What do flea eggs look like? It’s a common question for Dog Owners living in an area where these little pests thrive. Knowing how to identify flea eggs can go a long way in preventing an infestation in your home.
In this article, we’ll explain how to save yourself, your dog, and your vetted Pet Sitter a lot of flea-driven grief. Let’s pull out our magnifying glasses and look for some fleas!
So what do flea eggs look like?
To the naked eye, flea eggs are hard to spot. They’re about the size of a grain of sand, oval in shape, and have an off-white or yellowish colour. In fact, flea eggs often resemble doggy dandruff, sand, or other innocuous particles that might be in your pup’s fur.
Once you’re close to a flea egg, that’s when you can tell that it’s not just a fleck of dry skin or sand, but a perfectly oval flea egg.
What do flea eggs look like compared to other types of parasites?
Most of us aren’t experts at identifying parasite eggs, so how can you be sure that what you’re seeing is a flea egg versus tick, dog lice, or mite egg?
First, we should say that you’re not likely to mistake flea eggs with tick eggs. Ticks prefer to lay their eggs in nests outside, rather than on your pup. And the ticks themselves are quite easy to identify.
But, when it comes to other types of parasites, there are a few ways that you can tell what you’re dealing with.
The first indication is the size. Flea eggs are quite small but you can see them without special equipment. Mite eggs, on the other hand, are microscopic—you may not be able to see them at all.
Another sign of flea eggs versus other parasites is whether they stick. Dog lice eggs, for instance, cling to your dog’s hair follicles, while flea eggs, which contain a hard outer shell, will shake loose. This difference is helpful, as flea eggs and dog lice eggs are similar in size and colour.
It will be important to find out what kind of parasite is laying eggs if you’re going to move forward with the right treatment plan. If you’re having trouble, your vet will be the best person to correctly diagnose which kind of parasite eggs you’ve found on your dog.
Why is it so important to ask, “What do flea eggs look like?”
To be sure, flea eggs aren’t the most obvious sign of an infestation. Instead, you’ll likely know that your dog has fleas because they’ll become excessively itchy. And, upon closer inspection, you’ll be able to see flea dirt, the excrement of these small pests on your dog’s skin, as well as the fleas themselves.
But, it is still important to ask, “What do flea eggs look like?” because they make up a huge part of the flea’s entire population, with adult fleas laying between 40 and 50 eggs per day. And, because these little grain-like eggs aren’t sticky, they can fall off of your dog wherever they go.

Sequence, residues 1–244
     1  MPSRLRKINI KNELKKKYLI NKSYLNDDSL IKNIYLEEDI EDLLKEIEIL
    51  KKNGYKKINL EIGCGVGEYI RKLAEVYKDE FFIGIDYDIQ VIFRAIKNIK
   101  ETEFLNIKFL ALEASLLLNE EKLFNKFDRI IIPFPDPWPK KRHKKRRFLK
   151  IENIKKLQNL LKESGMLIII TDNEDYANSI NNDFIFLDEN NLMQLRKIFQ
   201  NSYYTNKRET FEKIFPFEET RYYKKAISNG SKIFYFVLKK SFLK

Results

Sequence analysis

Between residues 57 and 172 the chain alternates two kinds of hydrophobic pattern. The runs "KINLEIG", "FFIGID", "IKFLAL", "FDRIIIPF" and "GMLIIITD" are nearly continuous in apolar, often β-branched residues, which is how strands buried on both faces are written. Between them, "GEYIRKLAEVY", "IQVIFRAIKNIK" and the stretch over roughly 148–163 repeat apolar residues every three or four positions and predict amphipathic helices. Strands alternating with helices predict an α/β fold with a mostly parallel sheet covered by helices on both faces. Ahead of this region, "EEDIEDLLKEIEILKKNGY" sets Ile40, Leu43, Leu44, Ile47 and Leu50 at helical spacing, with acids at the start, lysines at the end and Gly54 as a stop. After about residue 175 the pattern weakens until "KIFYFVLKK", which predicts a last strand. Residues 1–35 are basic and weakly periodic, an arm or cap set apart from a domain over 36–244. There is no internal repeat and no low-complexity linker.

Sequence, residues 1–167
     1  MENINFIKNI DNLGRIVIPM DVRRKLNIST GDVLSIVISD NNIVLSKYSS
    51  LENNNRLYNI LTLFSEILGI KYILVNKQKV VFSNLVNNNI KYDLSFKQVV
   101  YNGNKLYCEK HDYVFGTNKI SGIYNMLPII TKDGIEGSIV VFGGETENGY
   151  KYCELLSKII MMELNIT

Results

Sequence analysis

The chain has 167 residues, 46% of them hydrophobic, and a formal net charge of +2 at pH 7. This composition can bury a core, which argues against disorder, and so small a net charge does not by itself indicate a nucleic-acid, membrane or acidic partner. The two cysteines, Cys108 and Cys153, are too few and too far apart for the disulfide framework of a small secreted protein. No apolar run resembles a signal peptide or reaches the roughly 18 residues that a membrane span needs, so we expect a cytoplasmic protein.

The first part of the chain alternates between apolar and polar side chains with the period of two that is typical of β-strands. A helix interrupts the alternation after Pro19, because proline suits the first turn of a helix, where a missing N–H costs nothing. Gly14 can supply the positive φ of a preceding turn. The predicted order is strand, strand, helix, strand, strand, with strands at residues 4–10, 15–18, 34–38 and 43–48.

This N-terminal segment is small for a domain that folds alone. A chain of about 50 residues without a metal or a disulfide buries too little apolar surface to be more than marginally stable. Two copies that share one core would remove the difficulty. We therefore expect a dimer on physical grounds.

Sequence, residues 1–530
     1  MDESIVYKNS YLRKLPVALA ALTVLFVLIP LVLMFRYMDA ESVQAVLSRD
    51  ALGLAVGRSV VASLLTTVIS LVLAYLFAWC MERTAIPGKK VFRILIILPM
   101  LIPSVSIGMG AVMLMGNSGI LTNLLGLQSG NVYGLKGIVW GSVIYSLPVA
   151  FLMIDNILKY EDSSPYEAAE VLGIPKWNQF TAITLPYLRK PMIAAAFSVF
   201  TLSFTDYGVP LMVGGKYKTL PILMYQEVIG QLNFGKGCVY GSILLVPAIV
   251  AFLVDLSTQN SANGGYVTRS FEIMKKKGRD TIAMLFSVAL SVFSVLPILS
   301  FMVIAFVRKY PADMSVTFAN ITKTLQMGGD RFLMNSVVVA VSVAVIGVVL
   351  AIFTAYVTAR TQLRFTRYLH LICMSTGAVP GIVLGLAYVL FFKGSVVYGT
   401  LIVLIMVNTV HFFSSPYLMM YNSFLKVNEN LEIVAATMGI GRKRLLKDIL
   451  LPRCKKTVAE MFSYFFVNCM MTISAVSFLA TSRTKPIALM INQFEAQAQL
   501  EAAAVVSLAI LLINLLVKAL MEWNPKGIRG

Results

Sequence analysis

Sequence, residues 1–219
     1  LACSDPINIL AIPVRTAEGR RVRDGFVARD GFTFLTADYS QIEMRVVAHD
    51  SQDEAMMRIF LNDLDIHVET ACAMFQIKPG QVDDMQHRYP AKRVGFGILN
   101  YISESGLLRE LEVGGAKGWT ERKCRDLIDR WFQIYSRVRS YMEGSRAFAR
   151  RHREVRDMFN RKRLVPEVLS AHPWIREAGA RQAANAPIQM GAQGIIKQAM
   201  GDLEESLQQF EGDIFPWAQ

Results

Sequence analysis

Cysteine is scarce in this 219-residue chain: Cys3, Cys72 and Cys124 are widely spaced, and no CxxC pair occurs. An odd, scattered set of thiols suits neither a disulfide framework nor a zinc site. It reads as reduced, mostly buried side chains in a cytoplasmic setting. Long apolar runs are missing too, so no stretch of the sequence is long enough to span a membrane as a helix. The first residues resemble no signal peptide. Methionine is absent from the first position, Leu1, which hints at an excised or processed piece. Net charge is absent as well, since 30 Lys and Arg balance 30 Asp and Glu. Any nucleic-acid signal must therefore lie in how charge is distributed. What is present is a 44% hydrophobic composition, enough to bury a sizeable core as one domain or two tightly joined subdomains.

Often, a Dog Owner may think that they’ve conquered the problem by treating their dog for fleas. After a few weeks, though, they may find that the little pests have returned. That’s because the eggs scattered around the house had time to mature and develop, starting the whole process over again. If you really want to get rid of a flea infestation, then, you’re going to want to inspect key areas of your home to make sure the population is really gone.
How can you get rid of them?
One of the most frustrating things about trying to get rid of flea eggs is finding them in the first place. Luckily, you don’t have to get down on hands and knees with a magnifying glass. Instead, focus on these key tasks:
- Wash all of your dog’s bedding in hot water
- Vacuum or steam clean all fabric surfaces, such as couches, carpets and rugs. Make sure to take the entire vacuum cleaner outside when emptying the dirt trap, and consider cleaning the filter after vacuuming for flea eggs.
- Clean hardwood, linoleum, or tile floorings.
- Vacuum your car and disinfect all hard surfaces
If there are flea eggs in your home, you may not be able to banish them in one cleaning session. To be safe, you’ll want to wash your dog’s bedding and vacuum areas where your dog spends the most time. For a couple of weeks, repeat this process every two or three days. This will be the best way to ensure that you’ve interrupted the flea life cycle.
Preventing these pests in the future
If you’ve dealt with fleas once, you probably never want to do it again. But, these jumping little pests can be hard to avoid. Here are a few simple ways to make sure you never have to ask yourself, “What do flea eggs look like?” again!
- Stay up to date on your dog’s flea prevention. Schedule your dog’s flea prevention doses in your calendar so you never fall behind.
- Make sure your flea medication isn’t expired.
- Inspect your pup for fleas, especially during the warmer months. This can be done every time you groom your pup.
- Consider leaving your pet in the care of a Pet Sitter instead of a kennel. Packed kennels are a breeding ground for fleas, so it’s always best to leave your pup in the care of an experienced Pet Sitter. Your doggo will love the extra attention, too!
If you live in an area where fleas are common, you may worry about having to deal with a full-blown flea infestation. Overall, prevention is the best way to defend your dog against fleas. And now that you’ve answered “What do flea eggs look like?”, you can better protect your home, too!